Many of my fondest childhood holiday memories were peppered with the strains of my mom and dad hurriedly trying to get through the instruction manual – peppering the air with some even more peppery language – as I impatiently sat there waiting for the magic to begin.

It’s no less the case for my 5-year-old, whose dad is, thankfully, the kind of guy who seems to welcome the challenge of self-assembly. I, on the other hand, stay far, far away while this is happening, knowing that my attempt to ‘help’ if he hits a snag will be met with our own generation’s saucy vernacular.

But I do help by filing all of the instructions (often along with the still-unsent warranty cards), for those inevitable situations where I have to look up what type of light bulb will be required for that &^$#@ toy she got for her birthday 6 months ago which has now stopped *^%$ working.

And this is where I found what I think is the 2009 award-winning example of badly-designed toy instructions:

Picture this as an 8 x 11" page, turned sideways

While it doesn’t use any crazy or complex formatting, this gem delivers most of the first-level instructions, like the ones on the righthand side of this sample, in 8 point font. Then, as you continue, the type gets smaller and smaller…down to what looks like 4-point type (as in the lefthand page above).

So why is small type such a problem?

Reading research says that for a public document, the typeface should be at least 12 points. With sans-serif fonts like the one used in this  case, you can often get away with going down to 11 points, but still risk losing some of those older or farsighted  folks who will have to squint or straighten their arms to hold the paper at a comfortable reading distance.

In my view, unless you have no choice – such as on drug product packaging (where you could produce a larger-print insert in any event) – there’s no good reason to shrink the type below that size.

One might think there are economic reasons for their design choice, such as that they wanted to keep paper and printing costs low, or make the manual seem less cumbersome to readers. But if you look at the scan here, there’s clearly lots of unused whitespace that would better be employed raising the type size. This is especially true when you consider how many more people are having kids in their 40s and 50s; and then think of the vision challenges for their grandparents, aunts and uncles!

Technical writers often lament the fact that people using products ask, er, unnecessary questions. Their acronym for the common response to such questions is ‘RTFM!’, which is short for ‘Read The ****ing Manual!’ I challenge those writers to try that in this case. Unless they have 20/20 vision, they’re going to find themselves doing more with this bleeping manual than just reading it.

Surfing around to see who else has weighed in on how we define the people we serve as info creators, I found more to provoke our thought on this from none other than Don Norman (half of the Neilsen-Norman Group, and called “The guru of workable technology” by Newsweek):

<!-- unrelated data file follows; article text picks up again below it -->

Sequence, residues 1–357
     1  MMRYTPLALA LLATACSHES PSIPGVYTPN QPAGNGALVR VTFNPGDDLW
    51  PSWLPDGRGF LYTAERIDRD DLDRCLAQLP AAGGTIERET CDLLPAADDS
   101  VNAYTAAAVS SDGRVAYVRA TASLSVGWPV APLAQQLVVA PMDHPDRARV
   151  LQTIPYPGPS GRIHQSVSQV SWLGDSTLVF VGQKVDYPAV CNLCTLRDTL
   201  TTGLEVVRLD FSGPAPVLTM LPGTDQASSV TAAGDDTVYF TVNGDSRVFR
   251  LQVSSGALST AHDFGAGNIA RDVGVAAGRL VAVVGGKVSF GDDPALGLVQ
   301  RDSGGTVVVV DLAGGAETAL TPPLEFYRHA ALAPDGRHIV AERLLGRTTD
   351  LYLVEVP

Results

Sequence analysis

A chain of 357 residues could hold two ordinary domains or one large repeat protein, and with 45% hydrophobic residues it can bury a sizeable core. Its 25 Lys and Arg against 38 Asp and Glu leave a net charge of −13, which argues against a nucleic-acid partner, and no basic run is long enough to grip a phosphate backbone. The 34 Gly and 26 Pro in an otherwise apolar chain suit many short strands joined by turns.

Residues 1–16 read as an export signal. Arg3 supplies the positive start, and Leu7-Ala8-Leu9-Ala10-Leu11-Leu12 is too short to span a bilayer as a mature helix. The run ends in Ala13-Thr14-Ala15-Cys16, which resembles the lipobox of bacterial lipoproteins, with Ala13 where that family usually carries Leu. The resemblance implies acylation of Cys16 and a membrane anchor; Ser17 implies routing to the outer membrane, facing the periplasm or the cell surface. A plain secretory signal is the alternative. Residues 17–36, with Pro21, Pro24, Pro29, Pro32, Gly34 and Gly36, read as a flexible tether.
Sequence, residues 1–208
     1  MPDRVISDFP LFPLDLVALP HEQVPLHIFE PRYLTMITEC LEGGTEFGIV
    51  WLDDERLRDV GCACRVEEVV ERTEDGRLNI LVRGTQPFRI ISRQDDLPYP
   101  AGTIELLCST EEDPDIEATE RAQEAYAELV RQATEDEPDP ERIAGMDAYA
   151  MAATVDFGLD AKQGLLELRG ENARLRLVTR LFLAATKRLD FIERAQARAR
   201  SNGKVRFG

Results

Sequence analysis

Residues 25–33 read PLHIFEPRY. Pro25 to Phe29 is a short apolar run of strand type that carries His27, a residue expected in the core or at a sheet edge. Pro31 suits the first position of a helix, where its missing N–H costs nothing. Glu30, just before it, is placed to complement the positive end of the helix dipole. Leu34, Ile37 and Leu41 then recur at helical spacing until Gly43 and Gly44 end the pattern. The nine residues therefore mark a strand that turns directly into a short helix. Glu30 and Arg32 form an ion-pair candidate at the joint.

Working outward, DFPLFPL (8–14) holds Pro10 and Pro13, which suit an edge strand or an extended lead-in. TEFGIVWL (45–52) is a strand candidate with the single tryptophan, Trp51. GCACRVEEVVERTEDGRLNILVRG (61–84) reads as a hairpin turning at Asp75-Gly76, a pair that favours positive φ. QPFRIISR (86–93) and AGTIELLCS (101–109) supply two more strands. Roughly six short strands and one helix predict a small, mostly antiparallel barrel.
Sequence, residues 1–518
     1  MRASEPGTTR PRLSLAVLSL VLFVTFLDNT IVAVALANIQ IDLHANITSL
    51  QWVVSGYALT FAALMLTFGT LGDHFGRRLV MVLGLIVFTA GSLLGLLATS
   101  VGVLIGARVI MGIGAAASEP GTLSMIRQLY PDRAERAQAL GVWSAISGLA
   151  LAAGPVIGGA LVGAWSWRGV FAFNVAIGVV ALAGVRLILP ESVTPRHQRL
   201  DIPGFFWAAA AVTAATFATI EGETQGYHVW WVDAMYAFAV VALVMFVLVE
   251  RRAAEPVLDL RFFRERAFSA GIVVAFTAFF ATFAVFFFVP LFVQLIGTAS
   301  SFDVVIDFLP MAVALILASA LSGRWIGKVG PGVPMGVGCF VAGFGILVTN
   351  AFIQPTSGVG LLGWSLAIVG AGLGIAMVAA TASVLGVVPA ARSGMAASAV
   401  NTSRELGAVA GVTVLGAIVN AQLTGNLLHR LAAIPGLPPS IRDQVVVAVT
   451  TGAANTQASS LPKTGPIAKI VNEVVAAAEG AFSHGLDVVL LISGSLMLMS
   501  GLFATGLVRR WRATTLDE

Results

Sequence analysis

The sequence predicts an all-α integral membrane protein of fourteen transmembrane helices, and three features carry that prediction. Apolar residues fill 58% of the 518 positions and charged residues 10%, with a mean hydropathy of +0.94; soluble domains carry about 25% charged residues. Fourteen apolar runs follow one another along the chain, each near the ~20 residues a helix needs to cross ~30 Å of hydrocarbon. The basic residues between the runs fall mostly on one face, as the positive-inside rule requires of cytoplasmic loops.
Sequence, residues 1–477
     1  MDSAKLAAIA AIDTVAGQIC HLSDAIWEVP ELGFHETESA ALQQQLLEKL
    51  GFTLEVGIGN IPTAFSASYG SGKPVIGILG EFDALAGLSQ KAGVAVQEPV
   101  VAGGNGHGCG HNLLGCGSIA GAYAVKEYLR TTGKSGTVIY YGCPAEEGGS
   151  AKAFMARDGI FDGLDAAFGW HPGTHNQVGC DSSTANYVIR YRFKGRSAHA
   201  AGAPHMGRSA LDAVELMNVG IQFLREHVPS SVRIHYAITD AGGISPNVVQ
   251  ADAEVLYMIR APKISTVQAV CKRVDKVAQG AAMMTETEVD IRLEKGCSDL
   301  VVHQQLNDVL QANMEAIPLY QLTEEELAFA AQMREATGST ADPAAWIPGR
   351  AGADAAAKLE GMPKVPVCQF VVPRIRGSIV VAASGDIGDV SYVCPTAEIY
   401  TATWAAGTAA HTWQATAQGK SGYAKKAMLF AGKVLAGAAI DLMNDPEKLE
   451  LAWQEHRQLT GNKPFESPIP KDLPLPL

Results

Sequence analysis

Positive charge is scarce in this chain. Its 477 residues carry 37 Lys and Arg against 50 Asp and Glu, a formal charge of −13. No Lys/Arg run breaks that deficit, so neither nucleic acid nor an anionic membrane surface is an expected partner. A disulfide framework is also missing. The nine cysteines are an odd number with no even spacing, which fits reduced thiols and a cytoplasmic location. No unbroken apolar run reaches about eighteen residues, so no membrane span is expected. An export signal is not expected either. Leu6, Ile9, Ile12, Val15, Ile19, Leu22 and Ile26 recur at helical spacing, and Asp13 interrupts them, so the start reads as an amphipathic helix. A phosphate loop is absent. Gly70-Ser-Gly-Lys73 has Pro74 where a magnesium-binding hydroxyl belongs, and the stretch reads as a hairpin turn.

Words Matter. Talk About People: Not Customers, Not Consumers, Not Users

Power to the people, everybody 🙂

My last post looked at how the word ‘user’ might be falling out of favour, being replaced in some

'user,' 'learner' or 'customer'?

'user,' 'learner' or 'customer'?

instances by the words ‘learner’ and ‘customer.’

I framed this as a positive move, but have since had reason to question this assertion after seeing the reactions of a few international colleagues who also work in the plain language biz. While at first it seems that dropping the word ‘user’ aims to humanize and respect people, it could indeed be that more manipulative intent is at play.

As Nigel Grant of Nigel Grant Training Ltd. asserts, the word ‘customer’ can have nefarious interpretations:

“Interpreting a relationship through a commercial idiom relegates rather than elevates both sides of the arrangement. I’m not a customer of my local council, except in the sense that I pay my council tax. The tax is a compulsory civic contribution, not an optional commercial contract…If I have to be a hospital patient, I’m not a customer, except that I’ve paid my taxes…”

He adds:

“Much of our world esteems commercial success above intangible social involvement and relationships. Let’s aim to use language that restores human and civic relationships to the top of our priorities. Commerce is necessary, but its language surely shouldn’t be a yardstick.”

And where do plain old people fit in?

Another colleague puts it more bluntly, saying that ‘person’ and ‘people’ is the most dignified way to describe those we serve without limiting their dimensions.

He adds that, no matter what label you choose, speaking  about someone in the third person is just plain demeaning; the imperative voice — which talks directly to the person or people in question — is preferable, in his view.

So how do we know if we’ve done the right thing by our readers?

It’s true that, no matter what term we choose, we will often get blowback from someone who feels that they’ve had a label slapped onto them. Often the best way to respect those about whom we write is to let them choose how we will identify them — with the caution that within any social group, there will still be people who disagree on the best term to use.

On the other hand, we cannot get so trapped in ‘analysis paralysis’ or the need to be politically correct that we end up with blandified language that means nothing to anybody — like the folks at the UK Professional Association of Teachers who are trying to ban the word ‘fail’ from school report cards. C’mon already!

In my view, the best path is to do our best to be respectful and positive, and be prepared to take responsibility if our choice of words offends anyone in our audience. We will never please everyone, but at least let’s be conscious that the words we use have power to influence people’s perception.